— let us both seek for a better country t 
this — ^let us be faithful and humble beli 
ers of Jesus. I think I can truly say to 
Lord, Lord my body and soul are in tli 
hands, do with them according to thy h 
will. Thy will be done and not mine. ^ 
happiness of this world is nothing bu 
dream. It will soon pass away as the w 
that bloweth. We must give up all 
Heaven, lest we perish at the presence 
the Judge. The best present that we on 
to make to Christ, is to give our 'Wl 
hearts to him — and not ' gold and franl 
cense and myrrh' as wise men of the 1 

Do remember, my friend, those that- 



iround you whose sins are unpardoned. Do 
pray for them. Remember my poor coun- 
trymen, who know not the way of life by a 
Redeemer. Do not forget to pray for your 
affectionate friend, 

''Henry Obookiah." 

Towards the close of the year 1816, Hen- 
ry went to Amherst in Massachusetts, for 
tne purpose of accompanying the Rev. Mr. 
Perkins, an agent of the Board of Commis- 
sioners for Foreign Missions, in a tour 
. through that section of the country, to soli- 
. eit donations for the benefit of the Foreign 
Mission School. The success of the solici- 
tations was greatly promoted by the pre- 
sence of Obookiah. Contributions were 
highly liberal, and often drawn from sources 
not before accustomed to yield any aid to 
purposes of charity. 

The interest which he had excited to- 
wards himself personally is expressed in a 
letter from Mr. Perkins, written soon after 
nis death. ** He was much beloved,** he 
says, ''by all who knew him in this region. 
He had awakened a lively interest in his 
welfare among them ; and his death has cast 
ft gloom over them which will not soon be 
dispelled. His recall to the world of spi- 
rits is one of those deep things of Providence 
which we cannot fathom.** 

A letter since receWed fccnn Wi^ imss^x^^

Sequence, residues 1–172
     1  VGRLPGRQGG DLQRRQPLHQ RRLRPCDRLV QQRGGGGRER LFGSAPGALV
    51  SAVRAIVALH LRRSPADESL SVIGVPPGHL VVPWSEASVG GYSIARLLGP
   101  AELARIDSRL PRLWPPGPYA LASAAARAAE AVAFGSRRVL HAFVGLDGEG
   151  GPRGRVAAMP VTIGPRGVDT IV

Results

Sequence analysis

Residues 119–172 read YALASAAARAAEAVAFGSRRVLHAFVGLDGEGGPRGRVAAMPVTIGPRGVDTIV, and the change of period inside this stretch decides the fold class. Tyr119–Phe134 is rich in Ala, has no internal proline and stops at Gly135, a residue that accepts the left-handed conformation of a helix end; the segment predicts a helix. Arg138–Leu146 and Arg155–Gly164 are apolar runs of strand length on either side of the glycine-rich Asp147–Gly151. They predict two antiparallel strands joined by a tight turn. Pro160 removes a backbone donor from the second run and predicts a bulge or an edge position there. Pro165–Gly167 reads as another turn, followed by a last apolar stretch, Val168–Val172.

.68 KEM0IR8 OF 

spected source, contains several facts and 
oDservations which illustrate his character, 
and evince the peculiar acceptableness and 
influence of his visit in that quarter. 

" I have rarely, if ever, (says Mr. Perkins,) 
seen a person who seemed to set so high a 
value on time as Obookiah. What others 
would call leisure hours, would be busy 
hours with him. When alone, he was de- 
lighted in his literary studies. When in 
company, improvement was his object — and 
if the conversation was not immediately in- 
teresting to him, he would take his Pocket 
Testament and read, or repair to his study 
and his books. 

'* At a little circle of friends one even- 
ing, he said to me in a whisper, ' Time is 
precious, here are a few souls going to eter- 
nity, 'tis a good opportunity to improve.' 
Just as we were about to retire at the dose 
of the evening, he addressed two youth in 
the room for a few minutes, on the subject 
of religion, with great apparent effect. — 
Whether the alarm of conscience, which he 
was instrumental of exciting, proved lasting 
or not, I have never known. So valuable 
was time in his estimation, that if he had 
passed a day or an hour unprofltably, he 
would speak of it with deep regret 

** His humility deserves our notice.— One 
fact will illustrate this feature in his religious 


** In visiting different towns, it was my 
practice to gratify the people, by calling on 
Obookiah to address them on the subject of 
Christianity. He was always appropriate, 
solemn, and interesting. Many flattering 
remarks were frequently made to him on 
that account. But though this was calcu- 
lated to foster pride, and inspire him with 
unbecoming confidence, yet it actually pro- 
duced the opposite — humility and self-dis- 
trust. A. circumstance took place which 
justifies this observation. 

" At a village of considerable magnitude, 
after the Missionary service had been per- 
formed, the Rev. Pastor of the Church ap- 
pointed an evening meeting. Just before 
the meeting, it was observed to Obookiah, 
that some remarks would be expected from 
him. He modestly declined. The subject 
was urged. He said, ' Fm a poor heathen, 
I don't know enough to teach people who 
live in Christian land.' Being under my 
care, he applied to me to excuse him from 
the service. I replied to him, that I be- 
lieved it to be his duty. The people had 
contributed generously. They were anx- 
ious to hear him speak on the subject of re- 
ligion. You have always succeeded well. 
And what you shall say may prove a savour 
of life to some soul. Soon after, as we were 
passing to the meeting-house, observing his 
extreme reluctance, I asked the Rev. Mr, 



B. to urge and encourage him. Many things